Skip to main content

Rights group: China may not be ready for labor camp reforms

By Maya Wang, Special for CNN
January 16, 2013 -- Updated 0444 GMT (1244 HKT)
STORY HIGHLIGHTS
  • Chinese media recently said infamous 'Re-Education Through Labor' system would be reformed
  • HRW: Roughly 160,000 people are detained in China for up to four years without trial
  • Maya Wang: Like other long-mooted reforms, this might only be a cosmetic gesture
  • As a type of arbitrary detention, RTL should not be reformed, it should be abolished, she says

Editor's note: Maya Wang is a researcher in the Asia Division of Human Rights Watch based in Hong Kong. She is an expert on a wide range of human rights issues in China including arbitrary detention, torture and disability and women's rights. Follow her on Twitter @wang_maya.

New York (CNN) -- Did the Chinese government announce earlier this week that it would end its notorious detention system known as Re-Education Through Labor (RTL)?

On January 7, Meng Jianzhu, the head of the powerful Political and Legal Committee of the Chinese Communist Party, reportedly announced that the government would "stop using" the system, in which roughly 160,000 people are detained for up to four years without trial for "crimes that are not severe enough to warrant a criminal sentence," by the end of 2013.

Read: China hints at ending its labor prison camps

After media outlets confirmed the news with officials who attended the meeting Meng spoke at, the original articles reporting the decision vanished from the Internet. A subsequent Xinhua news story watered down Meng's statement, committing the government only to "advancing reforms" of RTL -- which is old news -- a long-stated but never-implemented goal.

This episode highlights three realities of China's human rights situation: 1) the news is often not what it initially appears to be, especially if a key government decision is at stake; 2) the new leadership is struggling to reply adequately to growing popular demand for reform; and 3) changes to RTL, like other long-mooted reforms, might only be a cosmetic gesture, leaving intact laws and practices that violate domestic and international human rights standards.

Survivor describes Chinese labor camp
Is China ending labor prison camps?
Letter in a box from labor camp or hoax?

Read: 'Lost generation' recall hardships of Cultural Revolution

China's new leaders have come to power during a serious legitimacy crisis, with a nation eager for political reforms. Indeed, party chief Xi Jinping has repeatedly vowed to "deepen reform." At the same time, there has been rising public discontent over local officials' abuse of RTL to muzzle ordinary people seeking justice or criticizing the government. The system was further discredited by the recent detentions of Tang Hui, a mother seeking redress for the rape of her young daughter, and Ren Jianyu, a village official who posted negative comments online about the government.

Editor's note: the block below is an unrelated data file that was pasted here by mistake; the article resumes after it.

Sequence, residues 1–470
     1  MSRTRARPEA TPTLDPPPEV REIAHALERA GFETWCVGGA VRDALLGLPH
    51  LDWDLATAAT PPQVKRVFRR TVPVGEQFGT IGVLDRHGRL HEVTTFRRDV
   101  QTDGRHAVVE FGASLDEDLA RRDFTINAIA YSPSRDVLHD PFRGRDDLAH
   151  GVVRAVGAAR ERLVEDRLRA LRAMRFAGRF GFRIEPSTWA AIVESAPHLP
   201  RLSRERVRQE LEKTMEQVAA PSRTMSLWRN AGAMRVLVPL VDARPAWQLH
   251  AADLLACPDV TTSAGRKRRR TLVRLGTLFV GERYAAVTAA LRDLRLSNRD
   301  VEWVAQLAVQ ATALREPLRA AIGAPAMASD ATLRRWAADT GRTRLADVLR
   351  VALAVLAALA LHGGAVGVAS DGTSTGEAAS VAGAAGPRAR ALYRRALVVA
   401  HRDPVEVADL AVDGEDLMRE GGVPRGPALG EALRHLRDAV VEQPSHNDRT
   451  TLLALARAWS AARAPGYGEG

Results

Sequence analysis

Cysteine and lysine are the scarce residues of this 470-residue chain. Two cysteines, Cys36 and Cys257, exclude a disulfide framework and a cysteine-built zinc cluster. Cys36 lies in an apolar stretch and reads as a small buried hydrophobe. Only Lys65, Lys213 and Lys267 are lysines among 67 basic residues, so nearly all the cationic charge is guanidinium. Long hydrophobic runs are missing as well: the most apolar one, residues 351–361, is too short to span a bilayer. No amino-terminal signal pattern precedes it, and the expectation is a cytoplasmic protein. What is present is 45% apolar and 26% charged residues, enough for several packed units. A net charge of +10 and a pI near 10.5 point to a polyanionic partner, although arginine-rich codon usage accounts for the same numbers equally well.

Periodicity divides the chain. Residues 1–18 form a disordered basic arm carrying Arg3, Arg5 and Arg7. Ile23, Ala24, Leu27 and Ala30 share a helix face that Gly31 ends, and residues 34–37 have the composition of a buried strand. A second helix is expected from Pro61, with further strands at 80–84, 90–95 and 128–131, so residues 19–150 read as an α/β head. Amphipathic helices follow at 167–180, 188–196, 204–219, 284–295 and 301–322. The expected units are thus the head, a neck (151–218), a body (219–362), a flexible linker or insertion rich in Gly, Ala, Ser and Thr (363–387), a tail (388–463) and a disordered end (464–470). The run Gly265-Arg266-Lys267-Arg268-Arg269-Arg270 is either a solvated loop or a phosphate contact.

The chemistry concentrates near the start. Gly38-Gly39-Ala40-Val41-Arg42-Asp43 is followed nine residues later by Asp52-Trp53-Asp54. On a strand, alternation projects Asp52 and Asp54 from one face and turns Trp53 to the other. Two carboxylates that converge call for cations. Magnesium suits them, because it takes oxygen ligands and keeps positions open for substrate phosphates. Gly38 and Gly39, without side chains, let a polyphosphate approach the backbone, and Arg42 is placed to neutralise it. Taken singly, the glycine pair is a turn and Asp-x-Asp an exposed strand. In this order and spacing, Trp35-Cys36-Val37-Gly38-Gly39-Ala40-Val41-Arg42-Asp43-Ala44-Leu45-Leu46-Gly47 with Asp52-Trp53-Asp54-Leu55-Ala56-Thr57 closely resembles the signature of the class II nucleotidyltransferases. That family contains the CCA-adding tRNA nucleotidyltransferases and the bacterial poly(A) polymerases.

Meanwhile, the main obstacle to abolishing RTL, the Ministry of Public Security, which holds the unchecked power to detain individuals in these facilities, has seen its political clout diminished under the new leadership arrangement. The time for abolition of RTL appears ripe, but it's unclear whether Xi is ready to move from talking about reforms to delivering them.

As a type of arbitrary detention, RTL should not be reformed: it should be abolished outright.

The tepid Xinhua announcement promising to "reform" RTL suggests that instead of abolition, the government will merely tinker at the margins of the existing system. Fears this might be the case derive from the August 2012 announcement of a pilot scheme in four cities. Few details are available, except that the name of the system was revised from Re-education to "Education and Correction," and minor constraints on the police's ability to impose these punishments were established.

The debate in and outside of China this week echoes the 2003 debate about the abolition of "Custody and Repatriation." This system of administrative detention was designed to detain individuals found outside of their official location of residence (hukou). It was similarly discredited and abolished after a series of abuses, the last straw being the beating and death of a young man in a Custody and Repatriation center in Guangzhou in March 2003.